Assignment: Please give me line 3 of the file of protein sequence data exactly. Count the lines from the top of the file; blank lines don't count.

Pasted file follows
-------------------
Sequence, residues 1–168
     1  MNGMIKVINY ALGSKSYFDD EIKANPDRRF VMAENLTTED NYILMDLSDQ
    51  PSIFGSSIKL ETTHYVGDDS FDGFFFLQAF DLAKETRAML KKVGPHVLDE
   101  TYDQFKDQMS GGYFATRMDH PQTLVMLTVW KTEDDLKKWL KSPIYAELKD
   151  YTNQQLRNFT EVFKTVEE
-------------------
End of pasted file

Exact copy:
    51  PSIFGSSIKL ETTHYVGDDS FDGFFFLQAF DLAKETRAML KKVGPHVLDE